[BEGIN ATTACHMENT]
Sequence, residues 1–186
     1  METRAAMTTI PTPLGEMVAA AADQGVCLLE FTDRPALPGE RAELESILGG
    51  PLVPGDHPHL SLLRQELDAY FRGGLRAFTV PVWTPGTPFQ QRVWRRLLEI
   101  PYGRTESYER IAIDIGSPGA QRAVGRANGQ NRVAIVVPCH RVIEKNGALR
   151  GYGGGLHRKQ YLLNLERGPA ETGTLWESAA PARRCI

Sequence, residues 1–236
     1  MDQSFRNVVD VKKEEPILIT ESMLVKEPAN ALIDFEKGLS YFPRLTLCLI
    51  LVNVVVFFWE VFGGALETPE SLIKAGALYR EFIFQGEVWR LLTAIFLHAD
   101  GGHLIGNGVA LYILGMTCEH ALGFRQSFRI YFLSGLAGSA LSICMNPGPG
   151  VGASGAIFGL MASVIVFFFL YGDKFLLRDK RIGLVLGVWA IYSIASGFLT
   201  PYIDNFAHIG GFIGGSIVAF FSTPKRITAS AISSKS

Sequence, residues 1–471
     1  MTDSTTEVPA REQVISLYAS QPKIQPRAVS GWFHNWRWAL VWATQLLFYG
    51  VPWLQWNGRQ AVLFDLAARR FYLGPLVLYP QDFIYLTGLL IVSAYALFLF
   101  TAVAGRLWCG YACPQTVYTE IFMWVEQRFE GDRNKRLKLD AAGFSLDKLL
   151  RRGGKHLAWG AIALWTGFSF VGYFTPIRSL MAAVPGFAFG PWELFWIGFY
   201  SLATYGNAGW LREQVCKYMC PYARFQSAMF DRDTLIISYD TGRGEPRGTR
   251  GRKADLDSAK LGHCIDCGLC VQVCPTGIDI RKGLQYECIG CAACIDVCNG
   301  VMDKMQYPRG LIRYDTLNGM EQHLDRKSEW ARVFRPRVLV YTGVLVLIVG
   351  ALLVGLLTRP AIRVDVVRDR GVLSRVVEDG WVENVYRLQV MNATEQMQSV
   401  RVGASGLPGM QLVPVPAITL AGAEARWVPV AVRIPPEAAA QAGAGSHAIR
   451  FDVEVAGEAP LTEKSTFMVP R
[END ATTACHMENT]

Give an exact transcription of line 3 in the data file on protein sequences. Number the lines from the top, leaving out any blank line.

    51  PLVPGDHPHL SLLRQELDAY FRGGLRAFTV PVWTPGTPFQ QRVWRRLLEI